In response to some questions already raised by inquiring minds, the School Committee has crafted a communication regarding the Massachusetts Department of Education’s School Choice program which is included below. If after reading the information below, you continue to have questions regarding the cost versus the benefits of this program, EducateHopkinton.com encourages you to contact anyone of the School Committee members listed below to discuss your questions.
In this article, the Hopkinton School Committee would like to clear up some misunderstandings that have arisen in the public mind about the School Choice program.
The School Choice program provides an option for any School Committee to vote to allow students from other school districts to attend its public schools.
The Hopkinton School Committee is considering whether to participate in the program during the school year beginning next September. The idea was identified by the Financial Plan Working Group in its report last October as a potential way to bring new revenue into the town to help alleviate the structural deficit in town finances.
Hopkinton used to accept School Choice students but has not participated since the 2000-01 school year because of growing enrollments and space constraints. We have had our hands full trying to keep up with a rapidly rising population of school-aged children living in Hopkinton. However, this situation has begun to change in the last few years. Enrollments in the lower elementary grades have shown a significant drop, and estimates from the New England School Development Council (NESDEC) are for this lower level of enrollment to persist over the next ten years.
Under state law, the School Committee can limit school choice seats to specific grade levels and specific numbers of students based on available space. If the number of applications exceeds the number of seats available in a grade, a lottery is held. After a student is accepted, he/she must be allowed to stay in the school system until graduation from high school.
The School Committee is NOT required to accept students who were expelled from schools in other school districts.
Participation in the School Choice program relates only to accepting students from other districts. It has no bearing on Hopkinton students who choose to go to school in other districts. State law allows students from any district to go to school in another district that accepts incoming students in their grade (subject to space constraints). There are currently seven students living in Hopkinton who attend school in other districts under the School Choice program.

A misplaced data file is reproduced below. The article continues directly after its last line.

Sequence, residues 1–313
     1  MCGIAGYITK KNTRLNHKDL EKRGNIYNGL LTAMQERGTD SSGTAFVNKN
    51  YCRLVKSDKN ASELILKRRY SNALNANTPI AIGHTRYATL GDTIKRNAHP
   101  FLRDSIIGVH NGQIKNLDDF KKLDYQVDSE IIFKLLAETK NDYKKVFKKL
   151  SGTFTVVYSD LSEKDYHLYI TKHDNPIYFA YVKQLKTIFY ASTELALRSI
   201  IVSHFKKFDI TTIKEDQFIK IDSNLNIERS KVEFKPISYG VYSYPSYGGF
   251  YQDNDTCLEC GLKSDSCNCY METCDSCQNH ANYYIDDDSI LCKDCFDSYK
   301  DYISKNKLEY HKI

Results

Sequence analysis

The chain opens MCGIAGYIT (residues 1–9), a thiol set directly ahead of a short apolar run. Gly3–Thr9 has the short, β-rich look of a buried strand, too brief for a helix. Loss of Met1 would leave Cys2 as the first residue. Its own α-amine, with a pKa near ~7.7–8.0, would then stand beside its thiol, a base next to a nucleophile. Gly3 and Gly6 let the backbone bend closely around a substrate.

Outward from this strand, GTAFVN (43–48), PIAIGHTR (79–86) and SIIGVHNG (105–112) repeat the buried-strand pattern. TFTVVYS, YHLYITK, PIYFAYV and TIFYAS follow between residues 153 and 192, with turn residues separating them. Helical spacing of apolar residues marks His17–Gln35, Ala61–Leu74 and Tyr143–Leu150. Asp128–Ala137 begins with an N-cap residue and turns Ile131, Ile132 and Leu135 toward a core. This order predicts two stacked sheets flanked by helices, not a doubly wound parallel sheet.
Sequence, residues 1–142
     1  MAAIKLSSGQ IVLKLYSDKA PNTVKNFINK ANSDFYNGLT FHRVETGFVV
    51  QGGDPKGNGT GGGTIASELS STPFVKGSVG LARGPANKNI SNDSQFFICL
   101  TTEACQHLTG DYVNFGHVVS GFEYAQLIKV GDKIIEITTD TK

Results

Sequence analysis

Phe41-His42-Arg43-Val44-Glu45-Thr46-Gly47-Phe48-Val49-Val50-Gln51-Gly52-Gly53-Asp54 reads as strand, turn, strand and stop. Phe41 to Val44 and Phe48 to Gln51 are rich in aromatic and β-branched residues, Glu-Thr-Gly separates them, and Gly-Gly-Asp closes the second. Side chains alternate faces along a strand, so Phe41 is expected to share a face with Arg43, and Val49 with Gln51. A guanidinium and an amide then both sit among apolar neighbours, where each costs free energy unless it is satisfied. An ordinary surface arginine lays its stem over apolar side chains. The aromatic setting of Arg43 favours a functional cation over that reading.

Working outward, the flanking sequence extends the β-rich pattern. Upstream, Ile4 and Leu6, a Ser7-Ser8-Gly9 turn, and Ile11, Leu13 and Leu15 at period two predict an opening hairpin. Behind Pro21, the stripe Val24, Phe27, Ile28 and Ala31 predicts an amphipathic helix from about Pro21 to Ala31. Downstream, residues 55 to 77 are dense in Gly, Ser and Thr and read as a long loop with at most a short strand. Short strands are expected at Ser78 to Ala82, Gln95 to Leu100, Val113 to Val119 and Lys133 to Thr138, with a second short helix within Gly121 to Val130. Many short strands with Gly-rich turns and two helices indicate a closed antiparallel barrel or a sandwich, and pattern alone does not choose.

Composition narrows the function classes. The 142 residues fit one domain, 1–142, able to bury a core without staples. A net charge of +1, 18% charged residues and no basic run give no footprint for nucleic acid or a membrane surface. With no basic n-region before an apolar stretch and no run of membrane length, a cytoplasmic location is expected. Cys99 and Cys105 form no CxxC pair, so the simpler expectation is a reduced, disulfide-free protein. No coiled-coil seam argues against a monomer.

The district that the student is coming from is required to pay the receiving district a certain amount for each student. The amount is based on a formula established by the state. The formula is tied to the average per-pupil spending in the receiving district. The amount that Hopkinton would receive for each School Choice student coming into the district is $5,000 per school year. For special-education students on Individualized Education Plans (IEPs), the amount would be higher based on the state formula. The receiving district is not required to provide transportation to and from school for School Choice students.
To understand how participating in School Choice could raise revenue without compromising the quality of education, consider the following example. Suppose that one of our elementary grades has 240 students and 12 classes. The average class size would be 20. If we were to take 20 students into that grade via the School Choice program and add 1 class, then the average class size would remain the same, 20 (260/13). The cost of staffing the additional classroom would be about $50,000. However, the 20 students would generate $100,000 in new revenue. This would provide $50,000 that could be used for other purposes. This example assumes that no incoming students have special needs. A separate analysis would need to be done to determine if the incremental revenue that would accompany such students per the state formula would cover the incremental costs incurred by the school district.
The School Committee has great flexibility in deciding how to use the new revenue. For example, the money could be used to offset other expenses of the school district, thereby reducing the amount that Hopkinton taxpayers would have to fund. Alternatively, in the example described above, the extra $50,000 could be used to hire a second new teacher, thereby reducing average class size for the grade. This assumes that there is space available for a second new class. Another possibility is that the money could be used to hire a new teacher (or a portion of a new teacher) at the high school in order to add more sections of particular courses and thereby reduce the number of sections with high class sizes. These are examples of the possible uses of the incremental funds.
The School Committee is continuing to study the matter and will give careful consideration to the decision about whether to participate in School Choice for the school year beginning next September and, if so, to what extent.
Detailed information about the state’s School Choice program and data on those districts participating in the program is posted on the Massachusetts Department of Education web page on School Choice.
If questions remain about the parameters of the School Choice program, please let us know.
Hopkinton School Committee:
Rebecca Robak, Chair
Nancy Burdick, Vice-Chair
School Committee Member Email Addresses:
Rebecca Robak, Chair email@example.com
Nancy Alvarez Burdick firstname.lastname@example.org
Lyn Branscomb email@example.com
Dave Stoldt firstname.lastname@example.org
Phil Totino email@example.com